How would Zacchaeus be viewed in our world today? Even if we can agree that he’d be relationally sidelined, perhaps we’d think, “Ah, but he’s in this situation by his own choice, his own sinfulness!” And that’s what Zacchaeus’ acquaintances thought of him, too. According to Luke’s gospel, they called him “a sinner.” As the narrator, Luke uses the neutral, matter-of-fact term “rich,” but how did Jesus refer to him? He called him “lost.” Like a good shepherd seeing a sheep who has been isolated from the fold, Jesus saw Zacchaeus’ deep poverty of relationship and had compassion on him. The story concludes with Jesus saying, “The Son of Man came to seek and to save the lost.” Think about that. Oftentimes when we picture “the lost,” we think of people who are down-and-out, not up-and-out. But when Jesus said he came to seek and to save the lost, the man he was talking about was probably the richest person in town.

In 1994, Mother Teresa visited the United States to give a speech at the National Prayer Breakfast in Washington, D.C. It was the only trip she ever took to this country. In her remarks, she interwove a narrative about material versus spiritual poverty. Her travels from the dust of India to the opulence of the United States seemed to have startled her—she said she was “surprised at the West.” The visit awakened her to the reality of deep poverties that cannot be measured materially. As she spoke, she contrasted the hungry people in India who smiled when she served them a plate of rice with people living in the U.S. who long for something more. A person who has every material comfort but who feels neglected, Mother Teresa explained, experiences a form of poverty that cannot be solved with a plate of rice. She described a visit to an assisted living home in which people were wealthy but relationally impoverished:

I can never forget the experience I had in visiting a home where they kept all these old parents of sons and daughters who had just put them into an institution and forgotten them. I saw that in that home these old people had everything—good food, comfortable place, television, everything, but everyone was looking toward the door. And I did not see a single one with a smile on the face. I turned to Sister and I asked: “Why do these people who have every comfort here, why are they all looking toward the door? Why are they not smiling?” I am so used to seeing the smiles on our people, even the dying ones smile. And Sister said: “This is the way it is nearly every day. They are expecting, they are hoping that a son or daughter will come to visit them. They are hurt because they are forgotten.” And see, this neglect to love brings spiritual poverty.

Mother Teresa’s vivid illustration shows the type of poverty that permeates many wealthy communities. This spiritual poverty, caused by relational neglect, she said, is “much harder to solve” than material poverty. Which may seem a little insensitive, given how persistent and cruel material poverty is. But Kenneth Gergen, a social psychologist and author of The Saturated Self: Dilemmas of Identity in Contemporary Life, estimates that more than twenty new psychological problems have arisen in the twentieth century because of society’s emphasis on self-fulfillment through material advancement. These problems include bulimia and anorexia, low self-esteem, and extreme levels of anxiety. Gergen’s research suggests that even as poor people earn more money and find success, their spiritual problems may get worse.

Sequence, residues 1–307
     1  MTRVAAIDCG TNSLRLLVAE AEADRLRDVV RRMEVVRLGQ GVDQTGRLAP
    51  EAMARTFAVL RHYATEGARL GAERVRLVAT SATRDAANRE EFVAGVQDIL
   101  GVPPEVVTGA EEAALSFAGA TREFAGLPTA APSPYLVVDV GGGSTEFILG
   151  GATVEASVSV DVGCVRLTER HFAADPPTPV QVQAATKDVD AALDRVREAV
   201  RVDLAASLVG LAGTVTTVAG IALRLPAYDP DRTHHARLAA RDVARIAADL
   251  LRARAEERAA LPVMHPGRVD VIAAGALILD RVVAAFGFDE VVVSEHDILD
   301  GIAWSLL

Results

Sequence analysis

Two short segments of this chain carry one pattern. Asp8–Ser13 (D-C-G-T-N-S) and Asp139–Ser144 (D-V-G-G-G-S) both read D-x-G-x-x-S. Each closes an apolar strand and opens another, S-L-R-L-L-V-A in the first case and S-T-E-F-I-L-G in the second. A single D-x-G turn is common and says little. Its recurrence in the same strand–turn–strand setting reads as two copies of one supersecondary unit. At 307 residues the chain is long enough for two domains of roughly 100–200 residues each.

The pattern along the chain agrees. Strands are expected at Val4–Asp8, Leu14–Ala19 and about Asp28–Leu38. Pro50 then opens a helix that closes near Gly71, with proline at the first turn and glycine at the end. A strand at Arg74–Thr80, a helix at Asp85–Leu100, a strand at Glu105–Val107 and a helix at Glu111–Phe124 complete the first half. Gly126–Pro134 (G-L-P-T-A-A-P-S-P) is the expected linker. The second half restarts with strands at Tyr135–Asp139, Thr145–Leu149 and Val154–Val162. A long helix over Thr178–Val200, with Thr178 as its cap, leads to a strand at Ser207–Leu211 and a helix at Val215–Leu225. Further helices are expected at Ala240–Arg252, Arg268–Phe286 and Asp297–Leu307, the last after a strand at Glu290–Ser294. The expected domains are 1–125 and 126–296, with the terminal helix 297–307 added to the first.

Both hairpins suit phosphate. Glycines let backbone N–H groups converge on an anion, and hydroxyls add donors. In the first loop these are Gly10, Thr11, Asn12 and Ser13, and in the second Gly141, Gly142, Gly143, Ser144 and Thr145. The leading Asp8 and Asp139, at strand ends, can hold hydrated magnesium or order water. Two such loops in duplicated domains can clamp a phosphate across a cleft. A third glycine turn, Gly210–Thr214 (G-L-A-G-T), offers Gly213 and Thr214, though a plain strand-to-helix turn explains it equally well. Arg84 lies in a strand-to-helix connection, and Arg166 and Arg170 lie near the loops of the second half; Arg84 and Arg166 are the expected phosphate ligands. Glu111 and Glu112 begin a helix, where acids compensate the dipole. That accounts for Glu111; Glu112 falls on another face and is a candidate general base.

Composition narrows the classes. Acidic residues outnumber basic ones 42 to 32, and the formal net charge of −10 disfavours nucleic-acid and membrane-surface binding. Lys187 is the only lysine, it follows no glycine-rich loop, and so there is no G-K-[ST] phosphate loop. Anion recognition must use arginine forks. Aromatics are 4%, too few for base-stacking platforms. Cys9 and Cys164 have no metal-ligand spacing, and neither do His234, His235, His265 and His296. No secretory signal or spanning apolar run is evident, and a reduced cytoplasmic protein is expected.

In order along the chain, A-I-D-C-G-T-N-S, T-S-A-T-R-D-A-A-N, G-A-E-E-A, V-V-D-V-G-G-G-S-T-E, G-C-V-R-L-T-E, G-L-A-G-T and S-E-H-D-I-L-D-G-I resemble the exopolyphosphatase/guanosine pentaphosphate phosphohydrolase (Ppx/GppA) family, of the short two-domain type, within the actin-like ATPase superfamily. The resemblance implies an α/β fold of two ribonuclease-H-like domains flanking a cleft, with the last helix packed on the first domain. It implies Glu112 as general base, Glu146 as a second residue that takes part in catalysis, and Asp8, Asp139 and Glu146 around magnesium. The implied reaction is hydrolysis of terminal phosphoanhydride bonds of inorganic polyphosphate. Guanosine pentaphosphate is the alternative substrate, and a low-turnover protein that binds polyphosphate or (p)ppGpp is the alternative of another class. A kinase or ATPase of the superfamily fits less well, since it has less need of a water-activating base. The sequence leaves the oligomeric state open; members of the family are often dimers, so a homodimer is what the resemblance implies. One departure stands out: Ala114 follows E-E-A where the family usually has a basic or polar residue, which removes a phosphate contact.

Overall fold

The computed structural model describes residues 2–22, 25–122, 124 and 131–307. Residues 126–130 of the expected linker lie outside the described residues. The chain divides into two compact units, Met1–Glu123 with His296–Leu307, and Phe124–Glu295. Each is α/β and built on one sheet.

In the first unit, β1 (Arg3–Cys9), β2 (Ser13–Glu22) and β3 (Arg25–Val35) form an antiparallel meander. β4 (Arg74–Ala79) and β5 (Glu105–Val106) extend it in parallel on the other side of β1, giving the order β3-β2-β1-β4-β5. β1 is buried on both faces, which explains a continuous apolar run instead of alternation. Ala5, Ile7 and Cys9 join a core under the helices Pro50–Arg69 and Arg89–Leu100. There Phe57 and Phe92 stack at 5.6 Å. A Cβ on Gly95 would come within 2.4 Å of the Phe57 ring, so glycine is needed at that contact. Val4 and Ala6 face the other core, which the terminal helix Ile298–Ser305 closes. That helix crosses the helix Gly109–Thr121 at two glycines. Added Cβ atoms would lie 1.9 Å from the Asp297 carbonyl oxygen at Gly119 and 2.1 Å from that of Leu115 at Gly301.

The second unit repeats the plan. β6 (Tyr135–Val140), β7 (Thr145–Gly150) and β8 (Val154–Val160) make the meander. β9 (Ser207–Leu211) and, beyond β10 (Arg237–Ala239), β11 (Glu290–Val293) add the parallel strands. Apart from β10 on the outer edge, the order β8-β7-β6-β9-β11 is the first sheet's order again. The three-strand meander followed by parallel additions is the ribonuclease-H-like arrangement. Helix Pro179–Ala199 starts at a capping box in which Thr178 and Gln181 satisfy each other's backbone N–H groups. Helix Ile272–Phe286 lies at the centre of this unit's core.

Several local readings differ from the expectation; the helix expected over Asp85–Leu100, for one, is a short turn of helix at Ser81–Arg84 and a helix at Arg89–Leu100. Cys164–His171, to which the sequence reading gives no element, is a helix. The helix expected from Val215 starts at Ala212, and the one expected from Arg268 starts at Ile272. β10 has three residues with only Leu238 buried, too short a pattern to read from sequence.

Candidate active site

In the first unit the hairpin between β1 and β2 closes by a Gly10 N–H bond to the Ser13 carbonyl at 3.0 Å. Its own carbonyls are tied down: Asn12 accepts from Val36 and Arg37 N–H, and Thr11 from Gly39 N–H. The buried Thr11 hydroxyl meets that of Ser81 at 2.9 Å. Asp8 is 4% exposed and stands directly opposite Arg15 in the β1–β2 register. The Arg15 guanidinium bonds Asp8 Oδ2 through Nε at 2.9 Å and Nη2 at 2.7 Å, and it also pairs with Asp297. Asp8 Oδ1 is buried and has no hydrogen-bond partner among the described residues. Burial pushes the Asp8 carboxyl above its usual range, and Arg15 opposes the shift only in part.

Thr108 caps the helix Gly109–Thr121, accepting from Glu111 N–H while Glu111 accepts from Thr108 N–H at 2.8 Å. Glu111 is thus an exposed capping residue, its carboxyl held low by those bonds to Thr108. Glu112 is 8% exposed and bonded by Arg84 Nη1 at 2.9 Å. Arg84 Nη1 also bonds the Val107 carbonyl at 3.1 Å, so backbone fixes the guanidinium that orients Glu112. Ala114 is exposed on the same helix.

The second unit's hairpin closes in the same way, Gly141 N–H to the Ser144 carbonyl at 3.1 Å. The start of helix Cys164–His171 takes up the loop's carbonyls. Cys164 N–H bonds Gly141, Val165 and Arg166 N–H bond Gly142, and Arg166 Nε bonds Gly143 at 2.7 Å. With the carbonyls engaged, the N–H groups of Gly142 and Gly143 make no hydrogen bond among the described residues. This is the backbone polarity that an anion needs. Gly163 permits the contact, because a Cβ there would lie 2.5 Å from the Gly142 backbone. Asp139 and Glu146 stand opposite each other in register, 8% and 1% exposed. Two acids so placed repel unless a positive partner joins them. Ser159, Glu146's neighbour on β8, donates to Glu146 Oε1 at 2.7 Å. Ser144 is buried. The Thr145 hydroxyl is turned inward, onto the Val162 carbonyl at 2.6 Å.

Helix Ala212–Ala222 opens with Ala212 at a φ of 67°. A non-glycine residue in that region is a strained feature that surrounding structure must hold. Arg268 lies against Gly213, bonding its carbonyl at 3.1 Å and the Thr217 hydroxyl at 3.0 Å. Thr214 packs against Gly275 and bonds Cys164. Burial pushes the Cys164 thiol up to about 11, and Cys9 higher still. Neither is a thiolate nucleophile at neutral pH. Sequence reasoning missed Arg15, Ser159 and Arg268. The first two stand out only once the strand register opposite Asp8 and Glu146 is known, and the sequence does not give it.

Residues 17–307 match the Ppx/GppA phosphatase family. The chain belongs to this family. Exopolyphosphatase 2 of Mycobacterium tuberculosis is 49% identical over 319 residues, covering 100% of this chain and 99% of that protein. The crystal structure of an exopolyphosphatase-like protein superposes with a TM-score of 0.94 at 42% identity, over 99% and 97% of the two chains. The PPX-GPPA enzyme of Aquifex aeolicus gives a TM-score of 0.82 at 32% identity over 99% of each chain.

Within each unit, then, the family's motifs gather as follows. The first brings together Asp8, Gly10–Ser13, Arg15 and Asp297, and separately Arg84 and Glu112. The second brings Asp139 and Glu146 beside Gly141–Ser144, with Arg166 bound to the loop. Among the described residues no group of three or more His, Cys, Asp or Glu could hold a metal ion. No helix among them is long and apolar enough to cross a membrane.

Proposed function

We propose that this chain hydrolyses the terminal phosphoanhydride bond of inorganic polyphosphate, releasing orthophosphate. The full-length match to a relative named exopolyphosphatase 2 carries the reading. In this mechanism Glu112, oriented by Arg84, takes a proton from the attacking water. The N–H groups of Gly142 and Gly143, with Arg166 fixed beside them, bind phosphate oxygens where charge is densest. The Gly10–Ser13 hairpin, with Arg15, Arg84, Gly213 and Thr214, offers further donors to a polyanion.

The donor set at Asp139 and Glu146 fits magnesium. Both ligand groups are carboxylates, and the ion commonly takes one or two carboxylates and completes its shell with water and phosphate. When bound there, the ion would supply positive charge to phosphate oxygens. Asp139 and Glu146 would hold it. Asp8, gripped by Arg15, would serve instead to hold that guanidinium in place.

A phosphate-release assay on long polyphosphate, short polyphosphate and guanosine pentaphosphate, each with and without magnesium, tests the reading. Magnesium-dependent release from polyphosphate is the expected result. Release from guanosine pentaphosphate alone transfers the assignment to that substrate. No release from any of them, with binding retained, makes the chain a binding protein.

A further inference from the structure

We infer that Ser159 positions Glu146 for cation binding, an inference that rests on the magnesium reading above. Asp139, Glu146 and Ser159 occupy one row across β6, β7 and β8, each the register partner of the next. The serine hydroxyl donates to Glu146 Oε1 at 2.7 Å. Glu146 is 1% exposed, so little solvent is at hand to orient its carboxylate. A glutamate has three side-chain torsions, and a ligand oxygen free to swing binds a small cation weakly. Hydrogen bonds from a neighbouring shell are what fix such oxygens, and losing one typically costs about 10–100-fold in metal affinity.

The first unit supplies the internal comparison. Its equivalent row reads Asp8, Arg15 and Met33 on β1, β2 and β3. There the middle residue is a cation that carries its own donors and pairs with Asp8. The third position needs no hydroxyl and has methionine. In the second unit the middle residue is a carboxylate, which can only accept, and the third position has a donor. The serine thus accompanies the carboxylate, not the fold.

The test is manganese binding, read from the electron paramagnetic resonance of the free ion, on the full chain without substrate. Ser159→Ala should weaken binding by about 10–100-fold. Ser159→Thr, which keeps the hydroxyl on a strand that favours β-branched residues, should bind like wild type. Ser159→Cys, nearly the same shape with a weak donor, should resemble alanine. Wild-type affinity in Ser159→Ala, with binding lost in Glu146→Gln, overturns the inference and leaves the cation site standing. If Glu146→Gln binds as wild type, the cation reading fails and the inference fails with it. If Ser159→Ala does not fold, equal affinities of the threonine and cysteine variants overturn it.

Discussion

Madeline Levine is a therapist and co-founder of Challenge Success, a project at Stanford’s Graduate School of Education. In her book The Price of Privilege, Levine tells us, “Parental pressure and material advantage are creating a generation of disconnected and unhappy kids.” Members of rich households, kids and adults alike, tend to be overscheduled and under extreme pressure to perform well in order to maintain an expected level of excellence and affluence. Children are constantly attending sports practices or academic tutoring sessions while parents are constantly attending work meetings or physical workouts, every member of the household spending their time in separate geographical locations, isolated from each other. In the case of affluent suburban moms, Levine says, relational isolation can be particularly acute. This is because of their “impossibly high standards,” their commitment “to never appear either self-absorbed or vulnerable,” and their constant guarding of privacy, “lest the façade of perfection be torn away.”

That’s what I witnessed in my office when Catherine visited me. Her façade of Instagram perfection had been torn away, revealing the truth about her loneliness, sorrow, and relational destitution. In that honest moment, it would have been wholly inappropriate for me to hand her one of those books about how privileged Christians should act justly toward “the marginalized.” What she needed was for her particular form of poverty to be seen and acknowledged so that the good news of Jesus could be shown to her.

Unconditional love propelled Jesus to do what nobody else thought was acceptable: to enter Zacchaeus’ home as a friendly guest. After all, he had come to seek and to save the lost, to bring good news to the poor, to love the unlovable. It may be true that the rich need to act more justly, to use their privilege for good. But they’ll never be judged into those actions. Resentment won’t get them there, either. The unconditional grace of Jesus is the best, purest, most thorough kind of motivator.

“We love because he first loved us.” This is what happened to Zacchaeus. At the end of that story, he repaid the people he had treated unfairly. But he did that good deed only after his own relational poverty had been attended to.

God sees Catherine on her staircase, Tom in his country club, Zacchaeus in his tree. He sees you, and he sees me.

Can we see him on his cross? No one has ever been more alone. He is abandoned by his friends, forsaken by the Father, completely outcast. “For you know the grace of our Lord Jesus Christ,” writes Paul in 2 Corinthians, “that though he was rich, yet for your sake he became poor, so that you by his poverty might become rich.”